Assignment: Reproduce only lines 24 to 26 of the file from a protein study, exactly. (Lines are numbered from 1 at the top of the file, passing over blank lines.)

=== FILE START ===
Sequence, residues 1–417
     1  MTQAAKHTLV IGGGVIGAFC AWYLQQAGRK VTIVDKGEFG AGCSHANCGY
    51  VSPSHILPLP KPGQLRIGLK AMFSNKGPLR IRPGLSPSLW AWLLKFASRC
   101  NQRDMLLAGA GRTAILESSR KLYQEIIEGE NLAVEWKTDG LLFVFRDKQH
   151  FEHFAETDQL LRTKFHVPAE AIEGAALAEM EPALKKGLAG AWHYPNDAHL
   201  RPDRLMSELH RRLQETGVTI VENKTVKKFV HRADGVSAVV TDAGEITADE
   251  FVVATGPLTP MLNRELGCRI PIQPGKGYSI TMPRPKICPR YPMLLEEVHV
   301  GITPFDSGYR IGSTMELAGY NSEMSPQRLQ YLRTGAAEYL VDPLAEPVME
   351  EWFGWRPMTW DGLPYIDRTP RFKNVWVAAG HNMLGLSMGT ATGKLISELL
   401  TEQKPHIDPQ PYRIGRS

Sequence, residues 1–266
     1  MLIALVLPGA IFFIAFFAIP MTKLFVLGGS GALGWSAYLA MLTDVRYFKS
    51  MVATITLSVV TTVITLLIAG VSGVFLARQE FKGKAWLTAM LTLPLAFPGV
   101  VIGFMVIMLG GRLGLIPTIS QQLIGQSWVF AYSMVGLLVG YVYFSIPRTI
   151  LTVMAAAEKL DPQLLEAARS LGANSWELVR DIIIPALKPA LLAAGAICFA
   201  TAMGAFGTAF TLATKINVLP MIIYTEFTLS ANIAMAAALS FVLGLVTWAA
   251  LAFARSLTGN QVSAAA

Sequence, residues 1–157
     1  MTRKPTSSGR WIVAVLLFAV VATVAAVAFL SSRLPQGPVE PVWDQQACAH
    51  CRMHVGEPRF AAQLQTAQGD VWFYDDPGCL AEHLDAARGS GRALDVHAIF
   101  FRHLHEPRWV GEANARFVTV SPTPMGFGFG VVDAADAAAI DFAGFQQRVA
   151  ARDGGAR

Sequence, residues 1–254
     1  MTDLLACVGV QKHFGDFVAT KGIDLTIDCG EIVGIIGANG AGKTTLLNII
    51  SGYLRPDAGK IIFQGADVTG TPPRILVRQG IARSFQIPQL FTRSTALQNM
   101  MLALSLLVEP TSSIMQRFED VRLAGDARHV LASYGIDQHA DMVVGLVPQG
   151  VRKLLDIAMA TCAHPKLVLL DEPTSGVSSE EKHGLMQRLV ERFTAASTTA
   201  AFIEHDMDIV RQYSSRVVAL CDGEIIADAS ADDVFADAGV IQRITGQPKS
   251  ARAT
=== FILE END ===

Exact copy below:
     1  MTDLLACVGV QKHFGDFVAT KGIDLTIDCG EIVGIIGANG AGKTTLLNII
    51  SGYLRPDAGK IIFQGADVTG TPPRILVRQG IARSFQIPQL FTRSTALQNM
   101  MLALSLLVEP TSSIMQRFED VRLAGDARHV LASYGIDQHA DMVVGLVPQG